Neil Tovey chats to Sport24

Neil Tovey (Gallo Images)
Neil Tovey (Gallo Images)

In an exclusive interview, SAFA technical director NEIL TOVEY discusses the strides made under his mentorship, Bafana Bafana’s failed AFCON 2017 qualification and Sundowns’ clash with Zamalek on Saturday.

Sport24 asked: It’s been over a year since your appointment at SAFA. How has the journey been?

Neil Tovey: It’s proved quite an eye-opener because whether you have played for the national team or not, your perception of the organisation is so different. I have had to get to know the ins and outs of a huge organisation and grow with it. From that aspect, it’s been quite an interesting journey for me and one which has required plenty of hard work, because before I arrived at Safa House, there wasn’t a technical director in place. I have seven different areas in my division: Youth development, national teams, coach education, referees, women’s football, medical and IT and technology. I’m well aware that much work is needed in order to get our football back on track, particularly from a developmental aspect, but we are slowly but surely catching the worm. We have huge development plans in place in terms of rolling out more coaching courses and building up our youth development component, which are key cogs in driving Vision 2022. Our aim is to get 10 000 coaches through our system every year and we want to build our coach education plan, which is a four-year process. Meanwhile, the standard of refereeing has really improved, more workshops are being continuously held and there is now a bigger and better pool from which to draw. There are also more female referees and match commissioners, which underlines the progress we are making. Furthermore, plans are afoot to put both male and female technical officers in place in each province, so that they can run the programs effectively because I can’t be everywhere at any given time. The aim is to have a Caf instructor in each of the 52 regions, who can roll out programs around the country. And, in the top echelons of our age-groups, we want to build leagues which encourage strength versus strength.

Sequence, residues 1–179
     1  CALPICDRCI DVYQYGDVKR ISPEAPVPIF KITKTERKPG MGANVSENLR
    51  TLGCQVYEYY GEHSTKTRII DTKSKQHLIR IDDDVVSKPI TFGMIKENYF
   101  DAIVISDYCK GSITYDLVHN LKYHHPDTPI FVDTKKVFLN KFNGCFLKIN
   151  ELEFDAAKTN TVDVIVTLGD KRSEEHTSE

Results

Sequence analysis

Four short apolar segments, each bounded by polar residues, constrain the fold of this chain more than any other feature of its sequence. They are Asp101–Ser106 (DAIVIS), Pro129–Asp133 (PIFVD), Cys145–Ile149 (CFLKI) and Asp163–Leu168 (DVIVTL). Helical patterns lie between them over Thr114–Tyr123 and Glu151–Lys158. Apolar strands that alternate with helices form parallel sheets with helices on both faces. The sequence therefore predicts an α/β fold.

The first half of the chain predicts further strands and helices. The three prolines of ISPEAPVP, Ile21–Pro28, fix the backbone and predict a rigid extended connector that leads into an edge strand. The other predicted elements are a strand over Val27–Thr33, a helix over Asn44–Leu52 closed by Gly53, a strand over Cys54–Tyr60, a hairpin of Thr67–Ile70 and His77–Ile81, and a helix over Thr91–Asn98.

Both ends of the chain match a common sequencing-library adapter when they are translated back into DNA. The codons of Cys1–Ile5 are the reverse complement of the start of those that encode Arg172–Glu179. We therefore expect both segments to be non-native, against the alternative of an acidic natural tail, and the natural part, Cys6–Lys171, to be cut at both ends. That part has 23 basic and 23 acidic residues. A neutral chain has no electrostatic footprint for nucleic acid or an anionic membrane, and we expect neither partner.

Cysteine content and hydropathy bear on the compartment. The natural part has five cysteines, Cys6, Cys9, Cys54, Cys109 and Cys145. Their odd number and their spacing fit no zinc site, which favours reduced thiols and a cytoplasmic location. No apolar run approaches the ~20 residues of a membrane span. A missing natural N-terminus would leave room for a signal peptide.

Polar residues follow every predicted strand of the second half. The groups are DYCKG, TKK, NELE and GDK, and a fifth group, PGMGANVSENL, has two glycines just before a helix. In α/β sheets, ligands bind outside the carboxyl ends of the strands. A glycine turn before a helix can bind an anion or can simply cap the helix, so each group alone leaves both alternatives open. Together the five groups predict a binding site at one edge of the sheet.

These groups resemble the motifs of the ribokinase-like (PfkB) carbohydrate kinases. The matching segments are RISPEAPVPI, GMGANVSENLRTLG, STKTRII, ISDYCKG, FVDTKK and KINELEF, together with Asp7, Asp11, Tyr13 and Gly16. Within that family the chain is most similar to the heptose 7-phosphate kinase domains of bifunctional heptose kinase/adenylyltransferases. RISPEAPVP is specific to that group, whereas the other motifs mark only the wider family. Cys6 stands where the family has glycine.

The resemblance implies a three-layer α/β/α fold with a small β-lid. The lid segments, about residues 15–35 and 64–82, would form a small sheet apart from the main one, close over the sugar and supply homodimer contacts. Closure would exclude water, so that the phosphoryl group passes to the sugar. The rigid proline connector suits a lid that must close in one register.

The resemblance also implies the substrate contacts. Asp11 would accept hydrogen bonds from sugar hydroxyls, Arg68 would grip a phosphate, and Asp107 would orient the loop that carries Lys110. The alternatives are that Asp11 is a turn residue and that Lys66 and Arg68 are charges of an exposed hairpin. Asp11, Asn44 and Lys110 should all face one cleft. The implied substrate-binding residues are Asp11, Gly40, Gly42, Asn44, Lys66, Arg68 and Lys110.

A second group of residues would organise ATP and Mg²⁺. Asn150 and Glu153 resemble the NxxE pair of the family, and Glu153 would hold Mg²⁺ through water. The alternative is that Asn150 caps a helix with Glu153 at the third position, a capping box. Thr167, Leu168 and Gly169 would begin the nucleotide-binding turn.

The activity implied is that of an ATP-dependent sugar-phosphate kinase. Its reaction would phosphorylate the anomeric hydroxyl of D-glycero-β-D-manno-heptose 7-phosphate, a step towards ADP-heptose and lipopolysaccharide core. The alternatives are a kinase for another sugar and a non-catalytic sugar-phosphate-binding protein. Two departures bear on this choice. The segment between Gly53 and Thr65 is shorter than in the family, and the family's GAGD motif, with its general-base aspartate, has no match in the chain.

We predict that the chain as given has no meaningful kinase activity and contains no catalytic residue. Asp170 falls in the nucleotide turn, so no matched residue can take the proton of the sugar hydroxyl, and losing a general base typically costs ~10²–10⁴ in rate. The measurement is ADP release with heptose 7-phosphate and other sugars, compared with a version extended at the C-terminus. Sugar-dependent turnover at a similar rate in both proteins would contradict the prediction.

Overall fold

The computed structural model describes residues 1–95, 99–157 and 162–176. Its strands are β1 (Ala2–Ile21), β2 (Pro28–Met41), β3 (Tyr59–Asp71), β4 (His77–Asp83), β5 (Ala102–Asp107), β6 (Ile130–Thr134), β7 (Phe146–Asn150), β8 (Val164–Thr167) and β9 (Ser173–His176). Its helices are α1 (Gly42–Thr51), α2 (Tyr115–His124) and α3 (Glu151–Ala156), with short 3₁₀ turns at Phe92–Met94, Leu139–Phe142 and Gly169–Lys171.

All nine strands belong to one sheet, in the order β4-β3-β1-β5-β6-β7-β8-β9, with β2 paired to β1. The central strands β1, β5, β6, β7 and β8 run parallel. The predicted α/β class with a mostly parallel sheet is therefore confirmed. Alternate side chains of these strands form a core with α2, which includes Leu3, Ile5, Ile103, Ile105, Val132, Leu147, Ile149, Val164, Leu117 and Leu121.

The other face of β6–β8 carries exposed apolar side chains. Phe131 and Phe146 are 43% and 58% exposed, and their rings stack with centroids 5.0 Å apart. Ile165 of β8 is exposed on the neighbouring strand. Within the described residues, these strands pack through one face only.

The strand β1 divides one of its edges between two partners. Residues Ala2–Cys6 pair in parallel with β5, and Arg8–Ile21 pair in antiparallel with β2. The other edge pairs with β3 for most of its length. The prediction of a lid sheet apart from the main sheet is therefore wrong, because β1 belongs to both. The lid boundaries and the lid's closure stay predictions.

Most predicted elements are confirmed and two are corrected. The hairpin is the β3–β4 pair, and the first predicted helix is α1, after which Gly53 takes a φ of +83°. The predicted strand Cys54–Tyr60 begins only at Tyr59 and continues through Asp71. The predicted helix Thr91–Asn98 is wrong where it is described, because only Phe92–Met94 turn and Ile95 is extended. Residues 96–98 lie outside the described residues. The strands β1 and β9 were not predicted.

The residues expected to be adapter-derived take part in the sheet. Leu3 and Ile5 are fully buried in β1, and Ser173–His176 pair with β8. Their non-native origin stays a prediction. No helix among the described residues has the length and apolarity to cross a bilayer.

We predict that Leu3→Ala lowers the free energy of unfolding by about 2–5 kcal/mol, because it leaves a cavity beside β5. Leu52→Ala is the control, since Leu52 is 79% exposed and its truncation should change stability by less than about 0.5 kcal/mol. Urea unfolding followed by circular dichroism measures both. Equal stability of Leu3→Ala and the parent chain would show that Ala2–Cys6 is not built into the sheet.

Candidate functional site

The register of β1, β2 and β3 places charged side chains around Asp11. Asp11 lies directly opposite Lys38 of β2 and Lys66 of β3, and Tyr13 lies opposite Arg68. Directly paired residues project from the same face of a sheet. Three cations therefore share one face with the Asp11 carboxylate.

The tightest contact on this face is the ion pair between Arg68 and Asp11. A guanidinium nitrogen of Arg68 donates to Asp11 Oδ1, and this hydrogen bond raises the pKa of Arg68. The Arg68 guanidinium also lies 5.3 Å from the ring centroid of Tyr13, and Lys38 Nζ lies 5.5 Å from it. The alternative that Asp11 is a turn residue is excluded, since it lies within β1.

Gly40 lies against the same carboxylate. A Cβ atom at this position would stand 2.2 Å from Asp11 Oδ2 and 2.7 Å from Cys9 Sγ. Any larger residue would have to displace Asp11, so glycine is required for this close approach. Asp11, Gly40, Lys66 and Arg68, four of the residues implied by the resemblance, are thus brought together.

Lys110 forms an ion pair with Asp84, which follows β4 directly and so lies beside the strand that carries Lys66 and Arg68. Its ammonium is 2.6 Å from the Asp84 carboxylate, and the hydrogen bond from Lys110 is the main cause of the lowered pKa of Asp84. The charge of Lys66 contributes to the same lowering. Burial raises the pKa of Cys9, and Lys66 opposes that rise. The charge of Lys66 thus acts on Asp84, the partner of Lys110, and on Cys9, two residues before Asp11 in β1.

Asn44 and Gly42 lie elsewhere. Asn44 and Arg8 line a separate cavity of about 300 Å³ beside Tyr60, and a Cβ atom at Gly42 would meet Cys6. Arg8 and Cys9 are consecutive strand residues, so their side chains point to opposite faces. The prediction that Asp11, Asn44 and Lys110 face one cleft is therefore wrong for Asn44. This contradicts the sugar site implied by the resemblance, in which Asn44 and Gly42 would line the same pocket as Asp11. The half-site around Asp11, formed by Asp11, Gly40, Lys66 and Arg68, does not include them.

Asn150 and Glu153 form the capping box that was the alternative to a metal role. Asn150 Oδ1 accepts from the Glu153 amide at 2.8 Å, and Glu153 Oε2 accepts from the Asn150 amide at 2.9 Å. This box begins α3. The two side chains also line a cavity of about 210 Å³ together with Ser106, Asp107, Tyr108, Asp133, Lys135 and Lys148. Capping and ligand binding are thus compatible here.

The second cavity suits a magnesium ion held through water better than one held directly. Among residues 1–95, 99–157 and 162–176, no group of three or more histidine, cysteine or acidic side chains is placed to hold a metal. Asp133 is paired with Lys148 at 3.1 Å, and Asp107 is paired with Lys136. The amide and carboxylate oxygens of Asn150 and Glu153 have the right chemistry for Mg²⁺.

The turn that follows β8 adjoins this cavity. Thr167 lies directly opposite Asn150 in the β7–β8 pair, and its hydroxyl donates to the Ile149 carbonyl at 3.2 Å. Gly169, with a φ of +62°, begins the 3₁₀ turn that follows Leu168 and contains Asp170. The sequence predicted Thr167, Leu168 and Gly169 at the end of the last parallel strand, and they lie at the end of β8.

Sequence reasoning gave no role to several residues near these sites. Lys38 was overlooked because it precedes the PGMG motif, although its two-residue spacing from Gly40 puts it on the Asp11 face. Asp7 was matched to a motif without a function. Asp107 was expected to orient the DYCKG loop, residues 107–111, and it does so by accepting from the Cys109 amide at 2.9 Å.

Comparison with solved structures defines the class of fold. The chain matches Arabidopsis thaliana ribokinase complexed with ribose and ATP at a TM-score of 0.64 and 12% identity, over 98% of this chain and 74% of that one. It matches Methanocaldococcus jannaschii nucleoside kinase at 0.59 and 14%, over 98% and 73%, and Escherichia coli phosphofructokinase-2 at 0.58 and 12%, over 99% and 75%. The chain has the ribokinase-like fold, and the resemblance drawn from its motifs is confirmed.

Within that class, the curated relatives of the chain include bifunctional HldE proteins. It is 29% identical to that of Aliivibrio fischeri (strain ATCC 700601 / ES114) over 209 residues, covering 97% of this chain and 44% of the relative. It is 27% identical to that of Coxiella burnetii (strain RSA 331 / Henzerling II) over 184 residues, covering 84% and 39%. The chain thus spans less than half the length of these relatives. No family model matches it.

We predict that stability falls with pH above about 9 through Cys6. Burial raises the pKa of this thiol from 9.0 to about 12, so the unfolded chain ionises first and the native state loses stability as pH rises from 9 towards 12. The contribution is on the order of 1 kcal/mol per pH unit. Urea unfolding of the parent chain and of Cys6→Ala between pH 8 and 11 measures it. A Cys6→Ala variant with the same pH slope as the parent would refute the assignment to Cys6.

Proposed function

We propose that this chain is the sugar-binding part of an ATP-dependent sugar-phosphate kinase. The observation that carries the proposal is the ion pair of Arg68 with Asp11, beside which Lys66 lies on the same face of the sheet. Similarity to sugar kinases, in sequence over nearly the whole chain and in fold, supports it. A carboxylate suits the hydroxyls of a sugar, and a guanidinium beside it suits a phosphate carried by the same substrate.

Sport24 asked: Bafana Bafana have failed to qualify for AFCON 2017. What’s your assessment?

Neil Tovey: It’s very disappointing given the fact that I felt it was a group that we really could have qualified from, but we are working on a process to bring through better players. Our Under-23s and Women’s team went to the Olympics and our Under-17s attended the World Cup. Meanwhile, our Under-20s have qualified for the next Africa Cup of Nations and will hopefully qualify for the World Cup in South Korea in 2017. We have the programs in place, but obviously our senior national team needs to step up to the plate and be a constant qualifier in all Fifa and Caf competitions. It’s an area which we need to work on and improve. South Africa are drawn in Group D with Burkina Faso, Cape Verde and Senegal for 2018 Fifa World Cup qualification. It’s a tough group, but one from which we can definitely qualify. A point away in Burkina Faso, although it could have been all three, was a good start to our campaign, but what we have to bring into our senior national team is a mentality of winning our home games. If you win your home ties, chances are you will grab something away and then you are on the road to qualification. We haven’t done that well enough in the last couple of years. Draws at home are not adequate because we have to deny the opposition in our group a quota of points on their travels. If we ensure that we win our home games, we will definitely qualify.

Sport24 asked: What is your remit in terms of the senior national team and do you offer advice?